Photo by Casey Allen on Unsplash

The underestimated factor: Similarity

Have you ever felt safe in a foreign country when meeting someone who not only speaks your language but also with your regional accent? Did you ever search proximity to people dressed up in your style rather than to people visibly from different social backgrounds? Would you donate more if a fundraiser tells you that she has studied at the same university as you?

Similarity has a significant impact on whether we like people and trust them. We feel attracted by similarity and very little seems to be necessary. Even some superficial attributes seem to be enough. Birds of a feather flock together.

Confidence tricksters seem to have adopted this wisdom far more than many business people. Who wants to learn more about how we can be fooled by mimicked similarity should read Robert B. Cialdini’s book “Influence — The Psychology of Persuasion”. A related video can be found here.

Similarity is a shortcut

As I described in my last article, trust requires several factors: non-malicious intentions, integrity, attributed competence, and trust-critical situations. Experiencing similarities with someone unconsciously triggers an automatic cognitive process:

“This person seems to be like me. Therefore, he or she must have similar intentions, competencies, and integrity.”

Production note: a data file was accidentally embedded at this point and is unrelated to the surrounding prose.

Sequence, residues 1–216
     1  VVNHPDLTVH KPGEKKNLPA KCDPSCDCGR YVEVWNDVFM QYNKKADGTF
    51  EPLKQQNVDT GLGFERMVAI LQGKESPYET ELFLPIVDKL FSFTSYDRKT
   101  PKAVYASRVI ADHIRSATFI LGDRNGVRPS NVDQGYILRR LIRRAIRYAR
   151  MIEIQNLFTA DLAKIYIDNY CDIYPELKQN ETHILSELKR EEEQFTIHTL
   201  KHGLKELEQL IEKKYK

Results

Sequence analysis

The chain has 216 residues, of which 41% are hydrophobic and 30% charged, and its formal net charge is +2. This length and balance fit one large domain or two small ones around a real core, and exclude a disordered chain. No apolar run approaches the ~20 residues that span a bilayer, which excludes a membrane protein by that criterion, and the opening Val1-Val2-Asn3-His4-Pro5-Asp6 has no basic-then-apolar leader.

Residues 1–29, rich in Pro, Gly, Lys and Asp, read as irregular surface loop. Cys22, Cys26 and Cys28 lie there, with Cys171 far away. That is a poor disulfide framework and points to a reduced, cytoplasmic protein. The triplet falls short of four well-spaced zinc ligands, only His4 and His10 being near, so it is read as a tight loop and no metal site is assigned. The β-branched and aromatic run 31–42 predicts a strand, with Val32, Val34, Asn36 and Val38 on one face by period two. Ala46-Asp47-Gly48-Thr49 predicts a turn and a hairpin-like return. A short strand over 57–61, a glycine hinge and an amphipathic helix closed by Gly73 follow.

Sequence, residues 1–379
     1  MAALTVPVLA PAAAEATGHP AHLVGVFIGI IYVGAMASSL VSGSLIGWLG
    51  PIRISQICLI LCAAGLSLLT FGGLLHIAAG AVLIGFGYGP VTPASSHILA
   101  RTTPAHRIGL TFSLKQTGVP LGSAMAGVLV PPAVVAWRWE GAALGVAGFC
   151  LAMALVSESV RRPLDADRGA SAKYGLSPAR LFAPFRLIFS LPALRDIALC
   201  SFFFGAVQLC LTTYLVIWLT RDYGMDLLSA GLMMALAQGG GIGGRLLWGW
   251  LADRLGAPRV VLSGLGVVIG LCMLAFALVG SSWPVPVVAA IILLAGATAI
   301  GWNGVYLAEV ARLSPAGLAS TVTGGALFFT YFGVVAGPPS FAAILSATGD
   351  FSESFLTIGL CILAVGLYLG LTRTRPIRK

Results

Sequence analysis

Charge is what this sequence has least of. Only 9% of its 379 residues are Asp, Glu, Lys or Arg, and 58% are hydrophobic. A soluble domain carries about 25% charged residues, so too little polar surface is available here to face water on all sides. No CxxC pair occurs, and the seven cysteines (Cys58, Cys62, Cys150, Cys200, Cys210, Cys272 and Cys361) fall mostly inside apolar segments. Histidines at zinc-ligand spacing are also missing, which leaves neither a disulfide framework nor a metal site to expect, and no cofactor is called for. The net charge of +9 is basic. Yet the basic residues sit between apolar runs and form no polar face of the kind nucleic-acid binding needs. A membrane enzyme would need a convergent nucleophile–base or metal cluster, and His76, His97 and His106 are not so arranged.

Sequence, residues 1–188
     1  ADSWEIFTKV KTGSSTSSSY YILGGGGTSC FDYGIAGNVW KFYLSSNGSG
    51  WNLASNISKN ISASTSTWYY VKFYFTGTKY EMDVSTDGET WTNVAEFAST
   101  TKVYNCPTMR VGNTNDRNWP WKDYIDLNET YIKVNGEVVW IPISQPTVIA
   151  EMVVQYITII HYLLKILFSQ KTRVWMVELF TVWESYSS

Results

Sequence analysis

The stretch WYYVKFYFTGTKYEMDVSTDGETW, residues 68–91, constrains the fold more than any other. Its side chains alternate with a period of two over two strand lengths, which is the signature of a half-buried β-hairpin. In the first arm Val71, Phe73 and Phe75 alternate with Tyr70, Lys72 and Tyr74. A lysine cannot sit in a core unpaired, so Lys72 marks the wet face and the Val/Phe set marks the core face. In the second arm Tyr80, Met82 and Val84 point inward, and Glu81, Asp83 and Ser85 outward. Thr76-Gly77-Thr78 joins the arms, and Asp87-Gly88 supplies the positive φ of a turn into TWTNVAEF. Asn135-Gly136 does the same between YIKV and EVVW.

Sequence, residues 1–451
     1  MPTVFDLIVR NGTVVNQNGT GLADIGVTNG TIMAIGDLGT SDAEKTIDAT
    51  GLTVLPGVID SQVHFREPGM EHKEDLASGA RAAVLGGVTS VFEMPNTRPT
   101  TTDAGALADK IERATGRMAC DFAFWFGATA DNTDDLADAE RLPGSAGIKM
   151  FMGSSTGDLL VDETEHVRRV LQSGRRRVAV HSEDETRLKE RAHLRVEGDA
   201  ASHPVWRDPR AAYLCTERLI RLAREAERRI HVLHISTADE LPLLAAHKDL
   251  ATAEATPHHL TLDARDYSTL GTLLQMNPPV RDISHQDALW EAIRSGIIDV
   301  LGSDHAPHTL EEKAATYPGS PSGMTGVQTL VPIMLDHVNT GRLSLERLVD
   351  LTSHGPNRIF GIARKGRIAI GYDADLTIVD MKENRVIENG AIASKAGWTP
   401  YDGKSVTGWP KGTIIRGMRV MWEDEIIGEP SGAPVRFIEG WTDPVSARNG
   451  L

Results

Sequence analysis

Similarity will often suffice to send a signal strong enough to building trust. Instantly! And unreflectively! The mentioned confidence tricksters have built a business model on this effect.

Nobel Prize winning psychologist Daniel Kahneman together with Amos Tversky, has dedicated his scientific life to research on rationality and how we decide. Their theory explains that we have two modes of thinking: a slow, critical and analytic, and a fast more intuitive one. The similarity effect belongs to the second and it is tough to overcome it by reflecting what we are doing.

But why do we form our opinions of others in such a flawed, risky way, and with such stubbornness, that others can reliably fool and deceive us? The answer Kahneman and Tversky give us…

Uwe Weinreich

Uwe works as coach, author and consultant focusing on agile innovation and digital transformation. What he does is simple: he solves problems.